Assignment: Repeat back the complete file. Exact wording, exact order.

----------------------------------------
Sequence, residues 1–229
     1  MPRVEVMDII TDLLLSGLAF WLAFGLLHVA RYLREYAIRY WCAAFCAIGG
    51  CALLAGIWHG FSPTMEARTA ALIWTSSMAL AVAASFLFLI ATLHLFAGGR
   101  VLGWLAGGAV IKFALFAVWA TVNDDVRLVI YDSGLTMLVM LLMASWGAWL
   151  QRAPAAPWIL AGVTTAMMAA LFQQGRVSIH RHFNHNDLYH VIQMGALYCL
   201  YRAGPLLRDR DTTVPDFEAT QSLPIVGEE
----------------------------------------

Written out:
Sequence, residues 1–229
     1  MPRVEVMDII TDLLLSGLAF WLAFGLLHVA RYLREYAIRY WCAAFCAIGG
    51  CALLAGIWHG FSPTMEARTA ALIWTSSMAL AVAASFLFLI ATLHLFAGGR
   101  VLGWLAGGAV IKFALFAVWA TVNDDVRLVI YDSGLTMLVM LLMASWGAWL
   151  QRAPAAPWIL AGVTTAMMAA LFQQGRVSIH RHFNHNDLYH VIQMGALYCL
   201  YRAGPLLRDR DTTVPDFEAT QSLPIVGEE